Subsidizing public transit to reduce fares and thus increase ridership is commendable. However, the proposal by Los Angeles City Councilman Zev Yaroslavsky to cut only rush-hour RTD bus fares by 35 cents--and only for rides originating within the Los Angeles city limits--seems misguided (Metro, May 5).
Handling rush-hour transit riders requires large fleets of buses, along with support facilities and personnel, most of which are underutilized the rest of the time. It is not uncommon to offer lower off-peak fares to encourage use outside of rush hours. Councilman Yaroslavsky's plan would have the opposite effect by encouraging peak-hour bus riding, possibly at the expense of off-peak bus patronage.
It is questionable whether a 35-cent fare reduction (from 85 cents to 50 cents) can lure a large number of drivers out of their cars and into crowded buses. If so, it is at least equally likely to encourage discretionary off-peak riders to reschedule their trips to the rush-hours to take advantage of the lower fares, adding to the crowding.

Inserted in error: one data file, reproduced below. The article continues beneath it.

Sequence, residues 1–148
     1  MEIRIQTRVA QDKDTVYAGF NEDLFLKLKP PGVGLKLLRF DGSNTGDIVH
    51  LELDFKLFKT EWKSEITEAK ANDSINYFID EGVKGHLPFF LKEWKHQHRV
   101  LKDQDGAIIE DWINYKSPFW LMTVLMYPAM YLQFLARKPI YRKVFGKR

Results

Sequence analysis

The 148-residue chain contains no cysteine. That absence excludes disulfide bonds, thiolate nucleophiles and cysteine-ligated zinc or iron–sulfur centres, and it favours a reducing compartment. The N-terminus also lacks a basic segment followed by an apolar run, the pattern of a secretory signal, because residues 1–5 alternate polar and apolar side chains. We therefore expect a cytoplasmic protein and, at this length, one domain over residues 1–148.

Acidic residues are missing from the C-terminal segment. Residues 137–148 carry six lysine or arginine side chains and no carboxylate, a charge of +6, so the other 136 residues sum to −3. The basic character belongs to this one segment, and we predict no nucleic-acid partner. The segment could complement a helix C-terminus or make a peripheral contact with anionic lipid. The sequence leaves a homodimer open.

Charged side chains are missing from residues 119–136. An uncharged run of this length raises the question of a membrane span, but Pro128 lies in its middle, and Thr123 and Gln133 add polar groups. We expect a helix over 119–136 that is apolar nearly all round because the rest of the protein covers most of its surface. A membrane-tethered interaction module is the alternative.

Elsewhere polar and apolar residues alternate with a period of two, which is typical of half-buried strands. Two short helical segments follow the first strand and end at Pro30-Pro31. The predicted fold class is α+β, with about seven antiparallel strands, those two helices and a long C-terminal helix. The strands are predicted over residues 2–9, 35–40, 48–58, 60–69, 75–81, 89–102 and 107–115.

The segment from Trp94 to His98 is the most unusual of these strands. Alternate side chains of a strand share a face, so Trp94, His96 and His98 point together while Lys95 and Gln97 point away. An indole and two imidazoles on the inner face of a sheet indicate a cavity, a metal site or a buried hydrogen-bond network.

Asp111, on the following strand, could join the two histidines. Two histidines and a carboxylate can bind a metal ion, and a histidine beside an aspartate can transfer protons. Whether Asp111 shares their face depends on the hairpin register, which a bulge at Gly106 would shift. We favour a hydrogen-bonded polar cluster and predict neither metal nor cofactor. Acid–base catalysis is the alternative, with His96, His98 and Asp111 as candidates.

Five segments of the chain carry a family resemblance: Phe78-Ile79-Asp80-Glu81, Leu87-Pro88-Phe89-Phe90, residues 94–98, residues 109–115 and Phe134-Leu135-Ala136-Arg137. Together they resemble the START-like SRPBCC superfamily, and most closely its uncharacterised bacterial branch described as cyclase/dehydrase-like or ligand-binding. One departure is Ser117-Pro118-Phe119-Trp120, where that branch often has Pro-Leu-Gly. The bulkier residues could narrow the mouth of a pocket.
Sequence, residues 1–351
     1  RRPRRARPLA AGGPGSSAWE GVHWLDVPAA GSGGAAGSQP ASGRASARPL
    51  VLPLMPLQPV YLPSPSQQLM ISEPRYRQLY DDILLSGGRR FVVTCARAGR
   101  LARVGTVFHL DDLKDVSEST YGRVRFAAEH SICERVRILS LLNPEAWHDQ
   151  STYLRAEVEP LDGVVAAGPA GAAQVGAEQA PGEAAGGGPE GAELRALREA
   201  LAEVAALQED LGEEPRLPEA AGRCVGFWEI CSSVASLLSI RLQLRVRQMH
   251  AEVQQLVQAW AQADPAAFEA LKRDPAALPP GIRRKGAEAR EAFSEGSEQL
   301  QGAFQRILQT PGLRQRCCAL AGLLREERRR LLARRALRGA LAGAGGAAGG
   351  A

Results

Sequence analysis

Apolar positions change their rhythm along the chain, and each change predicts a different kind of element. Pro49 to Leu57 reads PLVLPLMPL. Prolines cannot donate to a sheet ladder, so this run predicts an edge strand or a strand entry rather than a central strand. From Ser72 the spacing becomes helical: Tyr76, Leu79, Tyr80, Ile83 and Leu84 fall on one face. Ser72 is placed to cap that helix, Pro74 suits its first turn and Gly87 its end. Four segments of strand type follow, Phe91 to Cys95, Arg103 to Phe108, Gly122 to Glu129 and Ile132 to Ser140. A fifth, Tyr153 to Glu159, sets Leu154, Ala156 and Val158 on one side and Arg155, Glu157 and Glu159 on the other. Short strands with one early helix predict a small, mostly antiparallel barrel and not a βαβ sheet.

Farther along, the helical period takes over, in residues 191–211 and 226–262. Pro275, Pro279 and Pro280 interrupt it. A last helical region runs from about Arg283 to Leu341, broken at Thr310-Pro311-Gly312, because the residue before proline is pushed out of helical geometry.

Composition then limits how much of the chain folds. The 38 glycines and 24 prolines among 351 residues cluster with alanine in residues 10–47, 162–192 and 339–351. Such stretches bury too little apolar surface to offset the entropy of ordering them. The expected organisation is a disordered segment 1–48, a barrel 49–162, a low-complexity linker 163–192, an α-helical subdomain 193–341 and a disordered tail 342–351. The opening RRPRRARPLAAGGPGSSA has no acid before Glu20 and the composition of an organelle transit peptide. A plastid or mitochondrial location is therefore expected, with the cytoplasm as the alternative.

The fact that under Yaroslavsky's proposal the rush-hour fare reduction would apply only to riders boarding within Los Angeles could cause problems. Some bus routes cross various city boundaries. If funds are indeed available to subsidize transit services, it would seem far wiser to use those funds to improve RTD service.